A Cambridge, Mass., startup has a high-tech tool to help retailers keep an eye on
Deterring shoplifting is a $13.3 billion-a-year headache for retailers, but a Cambridge startup says it has a high-tech new tool for nabbing sticky-fingered thieves.
IntelliVid licenses a video intelligence software program that monitors dozens of store security cameras at once and alerts company employees about suspicious activity.
Retail chains including CVS, Macy's and Babies 'R' Us are among those that have adopted IntilliVid's Video Investigator software on a trial basis, and others are evaluating its potential.
“Rather than having a human being stare at 90 cameras, our software is watching every camera and analyzing it for suspicious activity,” said Warren Brown, director of product marketing for IntelliVid. “We try and help (loss-prevention) at every step of the process.”
The company has raised more than $18 million in venture capital funding in recent years to pay for the development of Video Investigator and a second software program that's designed to detect employee theft.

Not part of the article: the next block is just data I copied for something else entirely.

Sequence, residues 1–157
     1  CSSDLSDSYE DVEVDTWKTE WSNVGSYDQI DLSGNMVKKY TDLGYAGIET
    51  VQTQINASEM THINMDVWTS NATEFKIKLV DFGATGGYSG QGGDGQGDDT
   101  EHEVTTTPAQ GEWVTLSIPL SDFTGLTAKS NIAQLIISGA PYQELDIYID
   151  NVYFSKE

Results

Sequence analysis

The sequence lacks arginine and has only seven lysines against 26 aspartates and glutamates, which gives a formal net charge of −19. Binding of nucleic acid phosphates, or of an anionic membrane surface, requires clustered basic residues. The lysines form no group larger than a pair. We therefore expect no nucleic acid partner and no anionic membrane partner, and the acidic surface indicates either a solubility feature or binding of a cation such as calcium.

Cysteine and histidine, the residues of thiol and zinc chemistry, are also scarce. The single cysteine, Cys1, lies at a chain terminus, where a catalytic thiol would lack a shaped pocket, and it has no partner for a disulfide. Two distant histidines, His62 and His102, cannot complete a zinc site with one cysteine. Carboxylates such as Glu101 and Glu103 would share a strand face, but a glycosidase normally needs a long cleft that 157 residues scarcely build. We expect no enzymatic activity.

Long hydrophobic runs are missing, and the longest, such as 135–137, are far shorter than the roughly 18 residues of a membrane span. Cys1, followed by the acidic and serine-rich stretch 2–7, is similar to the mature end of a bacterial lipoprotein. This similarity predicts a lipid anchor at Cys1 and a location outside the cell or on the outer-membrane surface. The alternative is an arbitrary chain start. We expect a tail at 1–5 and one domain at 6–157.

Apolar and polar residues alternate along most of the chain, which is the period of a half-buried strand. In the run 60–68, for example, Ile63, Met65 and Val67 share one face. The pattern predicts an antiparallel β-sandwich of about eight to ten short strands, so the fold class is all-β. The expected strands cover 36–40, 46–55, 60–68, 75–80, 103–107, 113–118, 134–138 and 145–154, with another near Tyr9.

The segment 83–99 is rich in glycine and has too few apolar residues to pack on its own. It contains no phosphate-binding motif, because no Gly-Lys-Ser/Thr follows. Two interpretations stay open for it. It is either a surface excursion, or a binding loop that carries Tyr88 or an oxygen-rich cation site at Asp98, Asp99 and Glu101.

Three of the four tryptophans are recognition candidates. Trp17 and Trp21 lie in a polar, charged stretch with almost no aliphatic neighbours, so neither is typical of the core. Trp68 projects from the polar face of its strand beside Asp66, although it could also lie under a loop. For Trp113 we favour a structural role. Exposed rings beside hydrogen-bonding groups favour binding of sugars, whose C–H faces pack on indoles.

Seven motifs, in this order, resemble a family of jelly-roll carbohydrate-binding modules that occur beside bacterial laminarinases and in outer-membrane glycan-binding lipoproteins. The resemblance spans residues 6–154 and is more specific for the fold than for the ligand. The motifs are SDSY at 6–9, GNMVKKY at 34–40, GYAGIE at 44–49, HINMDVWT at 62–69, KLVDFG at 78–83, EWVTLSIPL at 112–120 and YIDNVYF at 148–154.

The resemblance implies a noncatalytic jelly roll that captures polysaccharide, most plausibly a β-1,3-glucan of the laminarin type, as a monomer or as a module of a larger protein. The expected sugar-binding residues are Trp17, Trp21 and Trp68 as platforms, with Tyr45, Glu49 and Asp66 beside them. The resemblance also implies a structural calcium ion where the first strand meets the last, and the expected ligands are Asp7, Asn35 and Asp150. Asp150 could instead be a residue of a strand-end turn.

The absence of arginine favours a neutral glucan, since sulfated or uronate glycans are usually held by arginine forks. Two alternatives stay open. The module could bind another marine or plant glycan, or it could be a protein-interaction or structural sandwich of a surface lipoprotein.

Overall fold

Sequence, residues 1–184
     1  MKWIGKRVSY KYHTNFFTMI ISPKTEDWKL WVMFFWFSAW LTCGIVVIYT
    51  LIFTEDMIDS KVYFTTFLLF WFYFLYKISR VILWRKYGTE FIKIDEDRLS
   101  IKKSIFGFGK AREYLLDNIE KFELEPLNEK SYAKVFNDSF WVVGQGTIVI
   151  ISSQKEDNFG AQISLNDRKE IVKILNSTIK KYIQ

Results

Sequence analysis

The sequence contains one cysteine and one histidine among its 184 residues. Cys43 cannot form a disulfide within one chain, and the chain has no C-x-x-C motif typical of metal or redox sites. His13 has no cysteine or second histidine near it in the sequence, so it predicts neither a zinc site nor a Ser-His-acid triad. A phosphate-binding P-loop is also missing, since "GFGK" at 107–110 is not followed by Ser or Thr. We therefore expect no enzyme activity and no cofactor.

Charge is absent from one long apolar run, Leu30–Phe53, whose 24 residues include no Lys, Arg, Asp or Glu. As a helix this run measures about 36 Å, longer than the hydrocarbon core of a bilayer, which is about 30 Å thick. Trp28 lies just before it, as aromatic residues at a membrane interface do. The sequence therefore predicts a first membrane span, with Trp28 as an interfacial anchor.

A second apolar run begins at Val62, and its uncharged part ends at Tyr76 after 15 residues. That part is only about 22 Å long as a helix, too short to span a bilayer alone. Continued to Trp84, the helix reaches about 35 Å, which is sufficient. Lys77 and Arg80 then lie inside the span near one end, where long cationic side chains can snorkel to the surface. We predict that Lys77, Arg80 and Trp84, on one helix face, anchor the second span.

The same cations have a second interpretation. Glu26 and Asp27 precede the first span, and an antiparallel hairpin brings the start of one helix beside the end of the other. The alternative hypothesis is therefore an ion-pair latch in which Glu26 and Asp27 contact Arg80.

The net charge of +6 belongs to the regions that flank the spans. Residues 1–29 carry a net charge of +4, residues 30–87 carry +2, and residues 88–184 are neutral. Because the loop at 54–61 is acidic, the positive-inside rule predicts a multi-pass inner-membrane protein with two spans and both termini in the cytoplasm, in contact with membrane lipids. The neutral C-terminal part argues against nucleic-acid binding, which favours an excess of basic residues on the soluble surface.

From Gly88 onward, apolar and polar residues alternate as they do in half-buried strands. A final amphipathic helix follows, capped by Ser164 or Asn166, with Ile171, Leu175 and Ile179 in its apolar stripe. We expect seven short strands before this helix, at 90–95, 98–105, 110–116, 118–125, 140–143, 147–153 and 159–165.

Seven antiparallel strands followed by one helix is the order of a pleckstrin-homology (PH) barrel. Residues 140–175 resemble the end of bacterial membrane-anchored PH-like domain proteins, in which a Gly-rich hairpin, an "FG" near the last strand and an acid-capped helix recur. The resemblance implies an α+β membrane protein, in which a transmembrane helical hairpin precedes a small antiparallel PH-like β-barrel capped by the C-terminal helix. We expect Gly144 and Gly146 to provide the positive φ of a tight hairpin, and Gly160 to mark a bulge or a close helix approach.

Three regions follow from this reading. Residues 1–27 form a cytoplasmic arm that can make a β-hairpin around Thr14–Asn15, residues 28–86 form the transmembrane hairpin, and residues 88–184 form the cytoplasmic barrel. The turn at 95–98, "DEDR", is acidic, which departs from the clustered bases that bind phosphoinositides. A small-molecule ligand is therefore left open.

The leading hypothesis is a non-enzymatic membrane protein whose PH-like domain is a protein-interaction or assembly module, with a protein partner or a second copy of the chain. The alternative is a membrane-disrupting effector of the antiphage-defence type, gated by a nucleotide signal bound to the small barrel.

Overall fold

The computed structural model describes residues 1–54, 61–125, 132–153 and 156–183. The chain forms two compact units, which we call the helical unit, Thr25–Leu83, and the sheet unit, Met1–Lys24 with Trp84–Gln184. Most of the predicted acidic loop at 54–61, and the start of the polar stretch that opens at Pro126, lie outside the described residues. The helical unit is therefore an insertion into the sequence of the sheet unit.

Video Investigator works with a retailer's existing surveillance cameras.
Store employees or loss-prevention specialists program it to pay particular attention to certain shelves where high-theft items are stored, and to send an alert to store employees if unusual activity occurs there.
“From a prevention standpoint, the big challenge is you want to catch these guys before the merchandise gets out the door,” Brown said.
The program also enables employees to isolate cameras on suspicious customers and follow their movements through the store as they pass from one camera zone to the next, rather than following them on foot.
Video Investigator also helps stores identify shoplifters more quickly after the fact. In a conventional security system, employees would have to watch hours of archived video to find the footage of a suspect removing the merchandise. The IntelliVid program lets retailers highlight the shelf location where items were stolen, and searches through hours of footage to pinpoint when they were taken.
Although confidentiality agreements prohibit IntelliVid from naming clients, its software is used by four national retail chains, Brown said. Four others are using it on a pilot basis.
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